Ankle sprain is a very common musculoskeletal injury in both the very active and general population. There is potential for ankle sprains to develop into chronic pain due to instability, osteoarthritis, osteochondral lesions, as well as a high risk of re-injury.
The most common mechanism of ankle sprain is an inversion injury which can be caused by non-contact, player contact, or surface contact which is commonly described as rolling over your ankle. Ligaments and tendons are classically injured from this injury, but there may also be joint displacement at the tibiofibular joint. Fracture must always be ruled out.
Initial management should consist of protection with an ankle brace, rest, ice, compression and elevation. Exercise therapy is often recommended to re-educate proprioceptive and neuromuscular systems which are often affected from ankle sprain. Joint mobilisation is utilised to reduce pain and increase joint range of motion.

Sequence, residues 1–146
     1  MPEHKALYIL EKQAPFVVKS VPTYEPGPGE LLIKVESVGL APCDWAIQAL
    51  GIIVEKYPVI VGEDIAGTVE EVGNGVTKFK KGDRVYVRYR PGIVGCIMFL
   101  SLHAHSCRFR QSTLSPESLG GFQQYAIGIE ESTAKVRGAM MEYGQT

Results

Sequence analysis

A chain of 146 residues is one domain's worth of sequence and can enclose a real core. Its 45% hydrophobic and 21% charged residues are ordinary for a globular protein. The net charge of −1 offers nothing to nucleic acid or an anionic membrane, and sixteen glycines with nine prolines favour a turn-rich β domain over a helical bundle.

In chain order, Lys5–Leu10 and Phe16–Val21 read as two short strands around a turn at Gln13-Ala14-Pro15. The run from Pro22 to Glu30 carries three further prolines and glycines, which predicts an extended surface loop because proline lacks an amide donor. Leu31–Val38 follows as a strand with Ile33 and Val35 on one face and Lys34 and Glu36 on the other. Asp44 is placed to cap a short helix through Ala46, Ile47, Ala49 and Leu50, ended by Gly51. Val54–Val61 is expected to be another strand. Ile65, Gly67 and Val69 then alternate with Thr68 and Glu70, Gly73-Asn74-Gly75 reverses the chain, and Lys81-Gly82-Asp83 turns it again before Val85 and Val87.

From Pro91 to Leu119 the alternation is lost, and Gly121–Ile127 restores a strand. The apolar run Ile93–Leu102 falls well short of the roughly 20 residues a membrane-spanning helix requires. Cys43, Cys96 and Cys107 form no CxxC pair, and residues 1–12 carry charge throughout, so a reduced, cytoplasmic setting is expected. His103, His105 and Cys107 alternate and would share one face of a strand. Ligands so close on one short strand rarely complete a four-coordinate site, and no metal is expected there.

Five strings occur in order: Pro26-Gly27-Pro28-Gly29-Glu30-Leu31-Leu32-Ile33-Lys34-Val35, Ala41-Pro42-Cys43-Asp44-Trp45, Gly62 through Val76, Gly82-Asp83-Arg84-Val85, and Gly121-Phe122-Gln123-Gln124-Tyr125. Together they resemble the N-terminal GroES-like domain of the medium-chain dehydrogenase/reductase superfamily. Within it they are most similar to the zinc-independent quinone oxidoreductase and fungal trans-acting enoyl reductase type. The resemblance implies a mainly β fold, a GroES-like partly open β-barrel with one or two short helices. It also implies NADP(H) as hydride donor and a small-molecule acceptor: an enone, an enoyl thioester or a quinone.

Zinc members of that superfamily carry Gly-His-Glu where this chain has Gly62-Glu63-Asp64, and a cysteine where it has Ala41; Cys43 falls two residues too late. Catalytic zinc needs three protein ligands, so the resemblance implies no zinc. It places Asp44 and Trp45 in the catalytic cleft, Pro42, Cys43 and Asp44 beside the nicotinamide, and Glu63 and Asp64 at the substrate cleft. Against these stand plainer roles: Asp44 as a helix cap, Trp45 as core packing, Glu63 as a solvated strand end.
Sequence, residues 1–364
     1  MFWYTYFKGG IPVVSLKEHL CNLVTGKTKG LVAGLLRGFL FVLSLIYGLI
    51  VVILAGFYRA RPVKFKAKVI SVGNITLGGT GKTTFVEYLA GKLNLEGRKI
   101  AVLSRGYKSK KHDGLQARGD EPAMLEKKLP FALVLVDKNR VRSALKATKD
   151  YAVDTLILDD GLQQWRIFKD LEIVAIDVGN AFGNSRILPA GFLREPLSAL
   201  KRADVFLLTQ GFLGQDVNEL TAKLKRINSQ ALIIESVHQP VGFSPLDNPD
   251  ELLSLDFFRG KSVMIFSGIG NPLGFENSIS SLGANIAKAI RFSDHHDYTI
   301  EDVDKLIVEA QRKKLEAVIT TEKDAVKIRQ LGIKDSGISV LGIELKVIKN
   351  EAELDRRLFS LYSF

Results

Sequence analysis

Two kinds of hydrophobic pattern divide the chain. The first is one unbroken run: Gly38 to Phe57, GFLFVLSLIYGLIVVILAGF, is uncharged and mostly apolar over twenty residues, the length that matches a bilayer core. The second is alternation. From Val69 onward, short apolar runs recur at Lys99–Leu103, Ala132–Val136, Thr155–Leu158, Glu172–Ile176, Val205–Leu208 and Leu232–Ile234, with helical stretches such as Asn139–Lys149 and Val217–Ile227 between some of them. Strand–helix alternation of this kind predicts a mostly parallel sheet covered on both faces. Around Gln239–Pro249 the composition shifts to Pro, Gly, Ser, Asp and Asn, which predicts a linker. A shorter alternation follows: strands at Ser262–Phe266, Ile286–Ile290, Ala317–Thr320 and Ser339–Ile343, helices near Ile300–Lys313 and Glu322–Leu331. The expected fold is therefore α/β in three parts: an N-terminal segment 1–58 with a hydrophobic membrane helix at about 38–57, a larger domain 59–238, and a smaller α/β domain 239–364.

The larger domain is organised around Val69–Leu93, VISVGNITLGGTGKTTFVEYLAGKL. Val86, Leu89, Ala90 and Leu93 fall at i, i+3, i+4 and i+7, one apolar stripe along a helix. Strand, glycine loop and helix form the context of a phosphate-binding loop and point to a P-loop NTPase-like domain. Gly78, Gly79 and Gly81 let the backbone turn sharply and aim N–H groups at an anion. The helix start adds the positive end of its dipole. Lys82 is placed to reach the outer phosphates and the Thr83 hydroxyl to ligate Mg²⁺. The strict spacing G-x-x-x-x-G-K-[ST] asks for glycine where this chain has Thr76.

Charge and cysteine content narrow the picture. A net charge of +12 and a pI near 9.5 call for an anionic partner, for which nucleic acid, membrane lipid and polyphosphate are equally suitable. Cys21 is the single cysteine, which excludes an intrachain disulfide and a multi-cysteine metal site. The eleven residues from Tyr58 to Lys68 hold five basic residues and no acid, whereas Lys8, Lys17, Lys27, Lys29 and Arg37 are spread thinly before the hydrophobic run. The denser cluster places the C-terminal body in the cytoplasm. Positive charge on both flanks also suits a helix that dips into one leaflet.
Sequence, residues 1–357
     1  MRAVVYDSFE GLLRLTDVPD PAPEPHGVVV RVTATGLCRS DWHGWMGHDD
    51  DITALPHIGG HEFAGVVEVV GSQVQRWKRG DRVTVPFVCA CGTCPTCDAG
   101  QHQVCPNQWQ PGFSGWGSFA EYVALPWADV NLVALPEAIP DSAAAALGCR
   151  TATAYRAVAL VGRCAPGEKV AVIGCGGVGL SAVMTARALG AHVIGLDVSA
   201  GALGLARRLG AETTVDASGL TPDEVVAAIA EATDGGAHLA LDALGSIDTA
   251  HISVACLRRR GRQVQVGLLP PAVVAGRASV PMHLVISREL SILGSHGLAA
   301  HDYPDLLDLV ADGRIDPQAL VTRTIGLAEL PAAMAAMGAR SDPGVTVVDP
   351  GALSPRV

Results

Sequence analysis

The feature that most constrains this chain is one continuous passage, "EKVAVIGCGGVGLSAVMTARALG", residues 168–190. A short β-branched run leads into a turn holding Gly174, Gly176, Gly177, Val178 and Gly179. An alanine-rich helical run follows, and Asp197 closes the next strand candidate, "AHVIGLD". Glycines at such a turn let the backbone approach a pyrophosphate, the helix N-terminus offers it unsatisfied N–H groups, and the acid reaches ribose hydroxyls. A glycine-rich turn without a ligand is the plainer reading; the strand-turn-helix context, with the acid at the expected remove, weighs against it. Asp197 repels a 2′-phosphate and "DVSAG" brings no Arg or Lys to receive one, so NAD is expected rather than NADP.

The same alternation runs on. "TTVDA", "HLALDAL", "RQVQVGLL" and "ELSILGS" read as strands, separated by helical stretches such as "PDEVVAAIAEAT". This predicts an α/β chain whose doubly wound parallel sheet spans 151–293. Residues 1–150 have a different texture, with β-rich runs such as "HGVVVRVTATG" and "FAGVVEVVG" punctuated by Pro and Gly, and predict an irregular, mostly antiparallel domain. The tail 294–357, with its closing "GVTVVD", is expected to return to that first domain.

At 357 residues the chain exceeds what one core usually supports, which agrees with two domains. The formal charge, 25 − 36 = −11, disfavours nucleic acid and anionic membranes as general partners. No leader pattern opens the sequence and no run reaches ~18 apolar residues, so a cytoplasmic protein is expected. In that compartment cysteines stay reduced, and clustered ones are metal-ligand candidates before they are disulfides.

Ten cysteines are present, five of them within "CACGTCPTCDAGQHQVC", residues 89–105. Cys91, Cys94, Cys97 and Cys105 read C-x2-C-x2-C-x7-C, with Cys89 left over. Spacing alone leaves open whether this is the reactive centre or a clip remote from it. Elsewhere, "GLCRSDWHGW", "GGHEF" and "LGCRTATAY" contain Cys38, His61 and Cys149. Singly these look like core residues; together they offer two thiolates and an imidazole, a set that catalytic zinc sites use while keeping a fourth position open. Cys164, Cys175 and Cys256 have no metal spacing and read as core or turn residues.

Mobilisation with movement is a relatively new concept of active joint mobilisation. The therapist applies a sustained pain free mobilisation force at the affected joint with a concurrent active movement performed but the patient in the direction of pain and movement deficit. The aim is to make that movement pain free and to allow the patient to be involved in progressive recovery to normal functional activity.
A clinical trial revealed that those with an acute and subacute grade I and II ankle sprain who received two weeks of mobilisation with movement targeted to the inferior tibiofibular joint experienced greater and long term improvements in ankle pain, functional dorsiflexion range of motion, disability, pressure pain threshold and balance compared to a sham intervention.
Gogate, N. et al. (2021). The effectiveness of mobilisation with movement on pain, balance and function following acute and subacute inversion ankle sprain - a randomised, placebo controlled trial. Physical Therapy in Sport. 48: 91-100.